restart: always
        build:
          context: ./src
          dockerfile: .docker/Dockerfile-nginx
        networks:
        - app-network
      api:
        image: gonzalo123.api
        restart: always
        build:
          context: ./src
          dockerfile: .docker/Dockerfile-lumen
        networks:
        - app-network
      ui5:
        image: gonzalo123.ui5
        ports:
        - "80:8000"
        restart: always
        volumes:
        - ./src/frontend:/code/src
        build:
          context: ./src
          dockerfile: .docker/Dockerfile-ui5
        networks:
        - app-network
      io:
        image: gonzalo123.io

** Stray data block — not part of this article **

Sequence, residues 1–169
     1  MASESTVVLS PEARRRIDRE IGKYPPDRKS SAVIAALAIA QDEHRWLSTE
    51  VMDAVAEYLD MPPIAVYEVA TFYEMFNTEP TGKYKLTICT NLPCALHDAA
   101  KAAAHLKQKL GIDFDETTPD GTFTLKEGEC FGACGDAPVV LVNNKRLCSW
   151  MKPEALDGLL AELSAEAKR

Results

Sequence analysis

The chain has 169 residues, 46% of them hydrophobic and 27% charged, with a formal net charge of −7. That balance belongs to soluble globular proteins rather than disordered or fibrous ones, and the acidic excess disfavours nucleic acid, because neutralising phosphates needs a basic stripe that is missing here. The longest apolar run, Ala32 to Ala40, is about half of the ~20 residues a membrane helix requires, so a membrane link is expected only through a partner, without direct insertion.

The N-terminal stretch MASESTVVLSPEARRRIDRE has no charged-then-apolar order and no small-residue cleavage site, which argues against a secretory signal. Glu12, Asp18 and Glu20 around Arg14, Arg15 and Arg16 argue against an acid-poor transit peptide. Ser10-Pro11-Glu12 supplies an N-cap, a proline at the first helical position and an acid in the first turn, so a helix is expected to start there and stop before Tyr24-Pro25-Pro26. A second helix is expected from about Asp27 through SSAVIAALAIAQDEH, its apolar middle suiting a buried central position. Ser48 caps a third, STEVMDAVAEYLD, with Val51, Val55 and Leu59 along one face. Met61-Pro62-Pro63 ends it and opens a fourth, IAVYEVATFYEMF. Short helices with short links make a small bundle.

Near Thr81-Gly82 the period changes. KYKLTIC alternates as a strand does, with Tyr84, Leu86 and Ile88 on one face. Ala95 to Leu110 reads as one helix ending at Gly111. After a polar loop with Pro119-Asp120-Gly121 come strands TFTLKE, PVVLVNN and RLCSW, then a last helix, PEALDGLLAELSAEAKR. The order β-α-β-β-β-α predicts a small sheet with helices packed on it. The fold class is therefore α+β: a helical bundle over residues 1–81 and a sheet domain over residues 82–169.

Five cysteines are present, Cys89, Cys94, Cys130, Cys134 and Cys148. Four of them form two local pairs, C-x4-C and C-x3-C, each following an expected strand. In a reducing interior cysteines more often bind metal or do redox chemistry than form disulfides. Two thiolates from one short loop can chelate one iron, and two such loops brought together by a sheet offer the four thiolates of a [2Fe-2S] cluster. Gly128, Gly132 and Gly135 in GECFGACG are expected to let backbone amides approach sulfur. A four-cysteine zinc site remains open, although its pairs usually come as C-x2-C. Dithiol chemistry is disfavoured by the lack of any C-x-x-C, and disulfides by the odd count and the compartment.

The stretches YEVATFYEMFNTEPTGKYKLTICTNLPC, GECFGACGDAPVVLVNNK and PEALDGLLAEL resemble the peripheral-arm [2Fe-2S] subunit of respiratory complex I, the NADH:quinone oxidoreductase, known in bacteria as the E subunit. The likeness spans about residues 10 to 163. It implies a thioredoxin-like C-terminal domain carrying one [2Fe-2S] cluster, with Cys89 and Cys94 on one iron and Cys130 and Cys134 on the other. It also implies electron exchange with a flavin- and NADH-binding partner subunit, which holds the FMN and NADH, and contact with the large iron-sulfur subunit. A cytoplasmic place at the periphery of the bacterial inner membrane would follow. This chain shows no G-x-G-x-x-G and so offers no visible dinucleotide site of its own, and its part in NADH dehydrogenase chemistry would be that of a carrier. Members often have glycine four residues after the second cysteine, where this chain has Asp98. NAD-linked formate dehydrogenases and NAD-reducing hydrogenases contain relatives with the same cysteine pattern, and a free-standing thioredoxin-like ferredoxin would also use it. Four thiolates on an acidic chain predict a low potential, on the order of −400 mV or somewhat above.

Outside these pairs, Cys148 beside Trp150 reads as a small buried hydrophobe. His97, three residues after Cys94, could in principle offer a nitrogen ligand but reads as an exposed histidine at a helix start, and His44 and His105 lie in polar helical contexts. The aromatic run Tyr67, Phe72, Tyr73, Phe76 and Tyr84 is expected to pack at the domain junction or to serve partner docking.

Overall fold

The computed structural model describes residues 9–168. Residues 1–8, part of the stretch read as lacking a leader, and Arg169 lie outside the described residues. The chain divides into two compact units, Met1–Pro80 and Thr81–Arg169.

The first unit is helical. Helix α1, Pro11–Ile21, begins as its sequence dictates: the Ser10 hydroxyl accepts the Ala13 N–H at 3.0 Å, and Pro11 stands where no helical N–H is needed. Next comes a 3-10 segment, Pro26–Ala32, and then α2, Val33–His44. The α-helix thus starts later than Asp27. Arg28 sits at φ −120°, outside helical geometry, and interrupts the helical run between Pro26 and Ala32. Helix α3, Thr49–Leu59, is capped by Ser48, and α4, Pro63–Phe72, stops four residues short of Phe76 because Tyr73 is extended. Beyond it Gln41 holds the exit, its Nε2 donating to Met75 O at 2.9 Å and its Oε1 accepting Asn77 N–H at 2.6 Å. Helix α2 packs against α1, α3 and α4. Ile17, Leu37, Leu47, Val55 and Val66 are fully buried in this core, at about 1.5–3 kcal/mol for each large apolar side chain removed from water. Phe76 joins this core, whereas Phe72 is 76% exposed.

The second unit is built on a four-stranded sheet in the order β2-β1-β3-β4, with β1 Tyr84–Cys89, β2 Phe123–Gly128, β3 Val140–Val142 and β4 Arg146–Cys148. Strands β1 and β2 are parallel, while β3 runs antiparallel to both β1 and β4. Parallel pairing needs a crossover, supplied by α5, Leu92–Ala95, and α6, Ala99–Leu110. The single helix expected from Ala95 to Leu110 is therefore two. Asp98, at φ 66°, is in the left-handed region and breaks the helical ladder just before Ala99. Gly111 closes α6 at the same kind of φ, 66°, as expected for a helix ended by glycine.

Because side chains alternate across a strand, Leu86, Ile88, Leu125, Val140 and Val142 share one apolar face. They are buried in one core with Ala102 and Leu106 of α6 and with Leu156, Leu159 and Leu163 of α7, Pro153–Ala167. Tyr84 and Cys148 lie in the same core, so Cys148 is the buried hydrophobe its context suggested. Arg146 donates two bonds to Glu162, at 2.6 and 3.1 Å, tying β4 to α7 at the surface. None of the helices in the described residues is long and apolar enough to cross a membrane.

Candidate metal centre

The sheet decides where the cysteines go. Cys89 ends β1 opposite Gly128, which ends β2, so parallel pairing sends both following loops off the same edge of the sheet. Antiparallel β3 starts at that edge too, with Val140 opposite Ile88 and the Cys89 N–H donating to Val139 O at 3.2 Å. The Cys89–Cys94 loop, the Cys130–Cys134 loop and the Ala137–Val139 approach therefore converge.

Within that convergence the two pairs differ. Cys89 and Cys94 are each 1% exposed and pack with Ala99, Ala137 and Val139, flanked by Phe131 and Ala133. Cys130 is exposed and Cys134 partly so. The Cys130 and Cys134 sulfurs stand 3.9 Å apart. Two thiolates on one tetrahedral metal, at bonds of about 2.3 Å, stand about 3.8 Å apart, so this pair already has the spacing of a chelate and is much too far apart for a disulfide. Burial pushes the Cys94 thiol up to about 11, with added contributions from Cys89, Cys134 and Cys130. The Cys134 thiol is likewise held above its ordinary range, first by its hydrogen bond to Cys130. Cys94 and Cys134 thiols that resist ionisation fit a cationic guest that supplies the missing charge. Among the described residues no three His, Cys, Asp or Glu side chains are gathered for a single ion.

restart: always
        build:
          context: ./src
          dockerfile: .docker/Dockerfile-io
        networks:
        - app-network
      pg:
        image: gonzalo123.pg
        restart: always
        build:
          context: ./src
          dockerfile: .docker/Dockerfile-pg
        environment:
          POSTGRES_PASSWORD: ${POSTGRES_PASSWORD}
          POSTGRES_USER: ${POSTGRES_USER}
          POSTGRES_DB: ${POSTGRES_DB}
          PGDATA: /var/lib/postgresql/data/pgdata
        networks:
        - app-network
      rabbit:
        image: rabbitmq:3-management
        restart: always
        environment:
          RABBITMQ_ERLANG_COOKIE:
          RABBITMQ_DEFAULT_VHOST: /
          RABBITMQ_DEFAULT_USER: ${RABBITMQ_DEFAULT_USER}
          RABBITMQ_DEFAULT_PASS: ${RABBITMQ_DEFAULT_PASS}
        networks:
        - app-network
    networks:
      app-network:
        driver: bridge
    

    And that’s all. The full project is available in my github account